current affairs

“A drop of oil is worth a drop of blood.”: The ongoing energy transformation


The oil market is in turmoil.

In addition to decreased demand due to the spread of Coronavirus, Saudi Arabia and Russia failed to reach an agreement regarding a reduction in oil production. Saudi Arabia has decided to go ahead and increase its oil production, which caused a sharp drop in the oil price to less than 20 USD per barrel. For oil importers, it is certainly preferable that the price of oil has fallen, but for oil exporting countries, it has a huge economic impact and will inevitably lead to political instability.

To understand the context, there are several important points to note:

  1. Originally, crude oil prices hovered around 20 USD per barrel from the 80s to the year 2000, and since 2000, there has been an oil bubble due to high demand from the emerging economies;
  2. The oil producing nations set their finances based on this oil bubble;
  3. The West Texas Intermediate (WTI) is a small market that is vulnerable to large monetary trade; in other words, it is a highly volatile market; and
  4. New competitors to conventional oil have emerged, such as shale oil, shale gas, and renewable energies.

  On the first and second points, it is obvious from time-series charts that the increase in crude oil price between 2000 and 2010 was a speculative oil bubble. What makes things complicated is that oil producers have assumed that the crude oil price level would remain at this level and thus have based their national finances on this. Borrowing 2014 Pictet data, though a little outdated, the cash cost to produce a barrel of oil in Saudi Arabia was 7 USD, however, balancing its national budget would require an oil price of 90 USD per barrel. In Venezuela, the fiscal breakeven is as high as 160 USD per barrel, and it is obvious that fiscal laxity of this level is not viable, which is why the country is now suffering from hyperinflation.

Most recently, Russian President Vladimir Putin stated that OPEC and the US need to coordinate oil cuts. This indicates that the current oil price is not viable for the Russian economy, either. While Saudi Arabia, led by Crown Prince Mohammed bin Salman, is investing in decreasing its oil dependency, most oil producing countries are still relying on oil as their “money-making” industry. Therefore, it would not be easy for them to shift their dependency onto another industry. Low oil prices will have a devastating impact on the economies of oil producing countries, causing high political instability. Such impact is not only their concern but also of the surrounding nations, as we live in a global society.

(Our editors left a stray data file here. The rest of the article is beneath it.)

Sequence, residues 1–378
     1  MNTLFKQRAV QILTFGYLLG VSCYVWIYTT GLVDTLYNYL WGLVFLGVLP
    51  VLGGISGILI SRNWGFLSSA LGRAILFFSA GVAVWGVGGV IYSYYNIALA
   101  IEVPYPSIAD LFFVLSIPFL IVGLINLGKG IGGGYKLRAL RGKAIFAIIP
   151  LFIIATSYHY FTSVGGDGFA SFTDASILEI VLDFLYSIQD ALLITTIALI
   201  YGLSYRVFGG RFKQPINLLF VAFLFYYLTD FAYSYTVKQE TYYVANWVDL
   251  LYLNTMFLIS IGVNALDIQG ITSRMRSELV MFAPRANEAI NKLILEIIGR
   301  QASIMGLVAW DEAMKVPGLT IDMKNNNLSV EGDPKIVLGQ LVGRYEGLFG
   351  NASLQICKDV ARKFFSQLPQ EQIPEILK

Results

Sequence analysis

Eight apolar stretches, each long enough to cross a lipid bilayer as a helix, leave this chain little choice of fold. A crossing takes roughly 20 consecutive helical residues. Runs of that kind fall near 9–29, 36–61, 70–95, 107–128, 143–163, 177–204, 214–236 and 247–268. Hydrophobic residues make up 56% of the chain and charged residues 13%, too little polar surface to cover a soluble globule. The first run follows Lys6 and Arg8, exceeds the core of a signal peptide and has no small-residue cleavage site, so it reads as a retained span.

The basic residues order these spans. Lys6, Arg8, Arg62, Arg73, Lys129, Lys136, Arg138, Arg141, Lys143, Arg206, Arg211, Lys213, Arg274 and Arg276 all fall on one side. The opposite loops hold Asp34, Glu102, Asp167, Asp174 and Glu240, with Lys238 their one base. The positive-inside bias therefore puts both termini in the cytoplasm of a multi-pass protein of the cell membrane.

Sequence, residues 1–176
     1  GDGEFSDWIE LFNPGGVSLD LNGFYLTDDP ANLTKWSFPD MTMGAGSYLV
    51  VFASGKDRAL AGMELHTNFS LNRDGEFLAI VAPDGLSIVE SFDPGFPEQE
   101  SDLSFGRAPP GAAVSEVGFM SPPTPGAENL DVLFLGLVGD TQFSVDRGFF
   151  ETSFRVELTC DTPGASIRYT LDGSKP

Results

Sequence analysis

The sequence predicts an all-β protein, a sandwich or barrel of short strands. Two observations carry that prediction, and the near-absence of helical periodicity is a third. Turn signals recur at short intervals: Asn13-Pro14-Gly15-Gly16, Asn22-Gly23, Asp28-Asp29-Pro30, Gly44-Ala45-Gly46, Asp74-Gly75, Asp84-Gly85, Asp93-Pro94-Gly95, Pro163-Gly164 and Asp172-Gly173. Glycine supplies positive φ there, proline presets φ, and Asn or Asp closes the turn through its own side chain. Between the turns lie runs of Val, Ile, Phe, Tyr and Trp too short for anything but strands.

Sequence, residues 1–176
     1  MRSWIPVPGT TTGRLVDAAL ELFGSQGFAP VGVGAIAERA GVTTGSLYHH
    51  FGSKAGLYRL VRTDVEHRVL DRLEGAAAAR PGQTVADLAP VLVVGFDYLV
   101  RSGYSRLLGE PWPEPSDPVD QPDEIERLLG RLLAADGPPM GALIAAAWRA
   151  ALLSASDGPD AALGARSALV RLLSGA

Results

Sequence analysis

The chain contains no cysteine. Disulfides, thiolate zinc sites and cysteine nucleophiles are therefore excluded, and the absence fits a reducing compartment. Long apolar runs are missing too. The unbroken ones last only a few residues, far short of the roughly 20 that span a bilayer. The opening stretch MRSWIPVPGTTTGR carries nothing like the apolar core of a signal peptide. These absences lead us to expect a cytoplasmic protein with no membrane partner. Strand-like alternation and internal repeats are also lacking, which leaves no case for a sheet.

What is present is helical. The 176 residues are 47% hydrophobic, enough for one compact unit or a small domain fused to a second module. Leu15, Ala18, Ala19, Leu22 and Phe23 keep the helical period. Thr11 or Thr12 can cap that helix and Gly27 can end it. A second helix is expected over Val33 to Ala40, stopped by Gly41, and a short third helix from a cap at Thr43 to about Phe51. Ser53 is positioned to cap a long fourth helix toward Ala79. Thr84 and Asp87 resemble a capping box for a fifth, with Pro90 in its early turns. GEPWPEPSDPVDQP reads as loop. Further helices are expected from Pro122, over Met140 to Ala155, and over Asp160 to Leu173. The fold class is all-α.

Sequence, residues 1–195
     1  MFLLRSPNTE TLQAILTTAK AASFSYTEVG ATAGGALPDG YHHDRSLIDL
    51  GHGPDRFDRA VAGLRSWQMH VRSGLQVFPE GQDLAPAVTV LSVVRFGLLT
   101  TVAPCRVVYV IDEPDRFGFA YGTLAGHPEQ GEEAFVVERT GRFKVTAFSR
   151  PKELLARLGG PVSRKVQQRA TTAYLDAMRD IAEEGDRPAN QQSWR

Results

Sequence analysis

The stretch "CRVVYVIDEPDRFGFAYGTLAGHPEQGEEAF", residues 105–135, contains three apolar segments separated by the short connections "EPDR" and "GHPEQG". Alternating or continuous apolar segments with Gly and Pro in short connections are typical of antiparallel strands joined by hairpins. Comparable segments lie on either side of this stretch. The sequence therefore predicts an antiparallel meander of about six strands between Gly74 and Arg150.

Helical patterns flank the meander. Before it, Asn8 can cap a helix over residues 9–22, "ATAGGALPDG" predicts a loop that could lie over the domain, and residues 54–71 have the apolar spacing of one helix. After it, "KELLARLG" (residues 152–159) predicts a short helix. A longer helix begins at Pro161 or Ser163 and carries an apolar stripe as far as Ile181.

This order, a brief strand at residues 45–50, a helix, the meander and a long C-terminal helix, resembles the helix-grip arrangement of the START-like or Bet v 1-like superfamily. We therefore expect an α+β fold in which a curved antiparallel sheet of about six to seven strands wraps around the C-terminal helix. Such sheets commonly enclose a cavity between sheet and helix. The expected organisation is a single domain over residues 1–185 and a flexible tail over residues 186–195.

It is also important to realize that crude oil is no longer irreplaceable; there are alternative energy sources. Specifically, the shale revolution in the US as well as recent development in renewable energy technology has considerably impacted the oil dependent structure, even though the dependency is still substantial. The productivity of shale oil and gas is improving and has the potential to further increase. In terms of renewable energy, there are several sources, such as solar and wind, that have become viable as stand-alone businesses.

This ongoing transition from oil dependency will have enormous political impact. Originally, the motivation for the US to intervene in the Middle East and build a close relationship with Saudi Arabia was to secure oil. Nowadays, the US has topped the world in oil production thanks to the shale revolution, and what’s more, has become a net oil exporter. The US is an economic powerhouse, so even if someone attempts to impact the shale business by cutting the crude oil price, shale production will simply recover when crude oil prices bounce back. In other words, the shale revolution has essentially capped the oil price. For the US, there is no need to depend on oil from the Middle East, so there is less incentive to be involved in its political affairs; that is, there is no need to invest in a relationship with other oil producers. This underlying change in politics was already noticeable during the Obama administration, for example, when the US reached an agreement with Iran regarding nuclear development despite Saudi Arabia’s opposition. 

Looking back on the long history of energy consumption, it shifted from coal to oil, and then we faced challenges with nuclear energy. Then, shale appeared, and now we are heading towards a renewable energy-based society. Thinking from this perspective, that is, this dynamic energy structure shift, the decrease in oil price is not surprising. What we need to focus on right now is how to best support political stabilization among Middle Eastern countries and Russia, as well as how to best exit the oil dependent economic structure and construct a new society, both Japanese and global, which is driven by the next generation of energy.  

-current affairs

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